Saturday, May 28, 2011

Fukushima Nuclear Plant Unprepared For Typhoon

Japan Probe

A large typhoon is heading in the direction of Japan. As the above forecast shows, it will be probably plowing its way through most of Japan, eventually working its way up to Tohoku by the 30th or 1st.
Although the storm will be considerably weakened by the time it reaches Northern Honshu, it might cause heavy rain in Fukushima. According to TEPCO, the Fukushima Daiichi nuclear plant is not fully prepared to deal with such a situation:
Tokyo Electric, or TEPCO, has for the last month been spreading anti-scattering agents around the troubled Nos. 1 to 4 reactor buildings to prevent radioactively contaminated dust from being carried into the air and sea by rain and wind.
But some of the reactor buildings have been left uncovered after they were damaged by hydrogen explosions following the March 11 earthquake and tsunami. TEPCO plans to launch the work to put covers on the destroyed buildings in mid-June.
A TEPCO official said, “We have made utmost efforts, but we have not completed covering the damaged reactor buildings. We apologize for the lack of significant measures against wind and rain.”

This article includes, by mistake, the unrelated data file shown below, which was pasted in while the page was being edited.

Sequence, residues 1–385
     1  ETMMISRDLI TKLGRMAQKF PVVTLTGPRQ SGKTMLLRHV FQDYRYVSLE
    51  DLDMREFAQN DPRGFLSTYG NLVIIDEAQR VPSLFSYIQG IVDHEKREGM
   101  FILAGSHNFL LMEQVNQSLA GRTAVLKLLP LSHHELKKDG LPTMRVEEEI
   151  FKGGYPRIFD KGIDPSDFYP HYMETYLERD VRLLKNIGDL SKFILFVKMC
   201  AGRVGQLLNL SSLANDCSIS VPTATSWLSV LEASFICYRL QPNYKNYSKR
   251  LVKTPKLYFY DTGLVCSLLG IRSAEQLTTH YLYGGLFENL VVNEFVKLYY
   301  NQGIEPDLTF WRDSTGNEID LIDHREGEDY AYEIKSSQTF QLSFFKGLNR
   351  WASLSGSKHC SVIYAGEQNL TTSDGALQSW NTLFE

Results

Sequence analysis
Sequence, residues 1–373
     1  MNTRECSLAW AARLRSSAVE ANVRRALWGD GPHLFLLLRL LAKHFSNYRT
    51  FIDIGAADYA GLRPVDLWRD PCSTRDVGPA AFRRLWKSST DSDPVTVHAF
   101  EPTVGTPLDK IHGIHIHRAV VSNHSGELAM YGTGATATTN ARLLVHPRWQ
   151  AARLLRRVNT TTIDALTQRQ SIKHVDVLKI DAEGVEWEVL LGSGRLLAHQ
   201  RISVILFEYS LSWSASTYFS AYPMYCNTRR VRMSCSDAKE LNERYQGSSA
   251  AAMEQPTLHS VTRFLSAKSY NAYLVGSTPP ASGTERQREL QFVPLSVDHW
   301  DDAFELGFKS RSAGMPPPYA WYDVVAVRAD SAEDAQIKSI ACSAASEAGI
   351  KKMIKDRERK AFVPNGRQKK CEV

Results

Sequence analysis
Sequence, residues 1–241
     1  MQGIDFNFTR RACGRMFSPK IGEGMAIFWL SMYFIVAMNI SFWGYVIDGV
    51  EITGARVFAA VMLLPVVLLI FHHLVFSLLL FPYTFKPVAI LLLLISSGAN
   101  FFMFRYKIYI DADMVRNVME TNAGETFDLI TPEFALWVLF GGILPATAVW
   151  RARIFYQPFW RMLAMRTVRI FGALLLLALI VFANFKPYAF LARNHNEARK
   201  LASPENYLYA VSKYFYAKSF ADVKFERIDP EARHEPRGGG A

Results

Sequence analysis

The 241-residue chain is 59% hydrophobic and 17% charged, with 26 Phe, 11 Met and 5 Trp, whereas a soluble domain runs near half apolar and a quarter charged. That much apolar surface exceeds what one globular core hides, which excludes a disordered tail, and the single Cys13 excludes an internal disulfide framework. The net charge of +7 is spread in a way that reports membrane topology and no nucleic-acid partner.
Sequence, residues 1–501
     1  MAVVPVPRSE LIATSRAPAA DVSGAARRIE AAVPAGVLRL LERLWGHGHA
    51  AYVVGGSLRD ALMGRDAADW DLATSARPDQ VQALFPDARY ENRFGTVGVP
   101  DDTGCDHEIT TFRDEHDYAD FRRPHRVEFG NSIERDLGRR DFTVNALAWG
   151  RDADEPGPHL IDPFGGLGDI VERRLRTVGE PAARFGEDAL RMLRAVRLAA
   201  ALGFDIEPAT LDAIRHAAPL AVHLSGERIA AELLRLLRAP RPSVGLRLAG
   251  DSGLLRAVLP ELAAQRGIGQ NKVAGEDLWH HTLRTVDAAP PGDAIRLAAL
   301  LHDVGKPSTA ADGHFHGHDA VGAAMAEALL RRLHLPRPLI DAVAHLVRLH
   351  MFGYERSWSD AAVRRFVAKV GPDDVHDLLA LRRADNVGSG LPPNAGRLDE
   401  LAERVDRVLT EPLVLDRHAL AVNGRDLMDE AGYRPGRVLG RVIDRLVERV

If heavy rains do occur over Fukushima, it could cause contaminated dirt and debris to flow into the ocean. It may also worsen the flooding of some of the buildings, especially those without roofs. It would definitely complicate the clean-up effort.

Update: Jiji Press has reported on some of the measures being taken in preparation for the arrival of the typhoon.

The tall concrete pump crane that has been used to spray water onto the used fuel storage area of reactor 4 will be taken down and folded up before the typhoon arrives (to avoid damage to the machinery).
Yesterday, TEPCO sprayed an anti-scattering agent around and on the reactor #1 building. They had planned to spray the agent on the reactor #2 building today, but pre-typhoon rains forced them to cancel work.

The article states that the typhoon won’t be able to inflict significant damage on the reactor buildings or the reactors, but rain water could cause radioactive water (from previous leaks) to flood out of some of the reactor buildings.

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